Moving through Colorado’s moose capital |

Moving through Colorado’s moose capital

Rick Spitzer
Daily Correspondent
Vail Daily staff reportPink plumes, or prairie smoke, can be found on Cameron Pass

Cameron Pass, located about 55 miles west of Fort Collins on CO 14, is the northern-most pass on the Colorado State Highway map.

Total traffic over this pass does not rival that over other passes in the state because it does not connect any major cities. No ski areas or tourist destinations exist in the region, and the area around the pass is dominated by Colorado State Forest and Roosevelt National Forest lands.

Several tribes of American Indians can claim to be the first human inhabitants of the Cameron Pass area. Though Ute, Crow, and Sioux bands all roamed through the area, the Arapaho and Cheyenne dominated this part of Colorado in the 19th century.

With the discovery of silver just southwest of Cameron Pass in the 1870s, Teller City, a mining camp, became the first major town in the area and in the Never Summer mountain range. A 100-mile toll road, completed in 1882 by the Cache La Poudre and North Park Toll Road Company, served as the first road over the pass, connecting Fort Collins to Teller.

Road improvements and construction continued, and by 1927 an automobile could travel from Fort Collins to Walden via Cameron Pass. Convict labor provided much of the construction.

The highway over Cameron Pass saw new improvements in the 1970s when developers proposed a plan to build a ski area on the pass. This plan was in response to a state bid to host the Winter Olympics in Colorado. Environmentalists and a statewide vote derailed the Olympic bid, and the ski area was never built. The road, however, was paved as part of the original development plan.

The Nokhu Crags, located just outside the northwest corner of Rocky Mountain National Park, are visible to the west of Cameron Pass. The Arapaho Indians named them nea ha-noXhu, meaning eagle’s nest, but the locals later shortened the name to Nokhu.

The crags began to form millions of years ago when shale layers were exposed to extreme heat and compression. These forces converted the shale into hornfels, a hard, erosion-resistant rock that tends to be brittle and easily broken.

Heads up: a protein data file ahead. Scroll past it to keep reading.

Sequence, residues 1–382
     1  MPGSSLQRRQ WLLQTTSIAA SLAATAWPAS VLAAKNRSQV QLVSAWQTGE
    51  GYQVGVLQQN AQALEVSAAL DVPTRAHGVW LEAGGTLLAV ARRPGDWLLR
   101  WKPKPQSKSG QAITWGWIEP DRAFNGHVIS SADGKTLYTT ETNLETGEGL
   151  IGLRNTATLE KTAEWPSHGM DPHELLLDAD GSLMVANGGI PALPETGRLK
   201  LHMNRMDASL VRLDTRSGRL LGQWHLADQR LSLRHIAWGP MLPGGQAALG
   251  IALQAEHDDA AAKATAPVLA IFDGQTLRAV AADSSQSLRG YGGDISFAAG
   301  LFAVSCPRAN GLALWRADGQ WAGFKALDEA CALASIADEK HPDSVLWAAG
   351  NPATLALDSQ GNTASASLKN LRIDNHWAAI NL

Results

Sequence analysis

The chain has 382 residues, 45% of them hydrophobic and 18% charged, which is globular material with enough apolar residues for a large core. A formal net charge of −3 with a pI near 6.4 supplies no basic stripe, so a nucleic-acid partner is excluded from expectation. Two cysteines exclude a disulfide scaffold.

When plate tectonic activity formed the Rocky Mountains, the hornfels lifted up along with the shale that surrounded it. Erosion eventually wore down the shale, leaving the dramatic mountain and rock formations seen from Colorado State Highway 14.

The forests around Cameron Pass provided much of the timber that the Transcontinental Railroad used for railroad ties. The men who made these ties were called tie hacks.

A really good tie hack could cut 30 to 40 ties a day, all by hand. Typical pay was 10 cents per tie. Tie hacks worked throughout the year, enduring freezing winters and difficult living conditions.

Every spring from 1870 to 1910, a tie drive was implemented to transport the ties from the forests near the pass to the town of La Porte, about 65 miles to the east. The tie hacks stacked the ties along the Cache La Poudre River until spring thaw came. Then they threw them in and let them float downstream to La Porte.

Inevitably, the ties would jam, requiring the drivers to dislodge them, sometimes with dynamite, to keep them moving. A tie drive was cold, dangerous work.

Widespread harvesting of the forests for ties almost destroyed them. However, thanks to the restoration work of Colorado State University in Fort Collins and the U.S. Forest Service, today you can hardly tell where the cutting occurred when traveling over Cameron Pass.

In 1876, when Colorado was granted statehood, the federal government granted in trust to the new state approximately 4.5 million acres of land for the purpose of generating revenues to support state schools. Because this land was divided into small, separated sections, many exchanges occurred to create larger contiguous blocks of land.

In 1938, a land exchange between the Colorado State Board of Land Commissioners and the U.S. Forest Service created the 70,980-acre parcel of land that the Colorado Legislature designated as the Colorado State Forest.

The Legislature required that the Colorado State Land Board “provide for and extend the practice of … forestry” in the state forest. The land board assumed responsibility for managing the grazing, recreation and forestry on state forest land.

Moose are not considered indigenous to Colorado. In 1978, the Colorado Division of Wildlife introduced 12 moose into North Park, about 15 miles west of Cameron Pass. These were the first moose ever introduced into Colorado.

It is estimated that there are now more than 600 moose in North Park, and the number in the state may be in the thousands. As evidence of the success of the introductions, the state legislature designated the town of Walden the “Moose Viewing Capital of Colorado” in 1995.

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Rick Spitzer is the author of “Colorado Mountain Passes: the States Most Accessible High Country Roadways,” which is for sale at The Bookworm of Edwards for $21.95. Parts of the book will be serialized in the Vail Daily every Sunday this summer.

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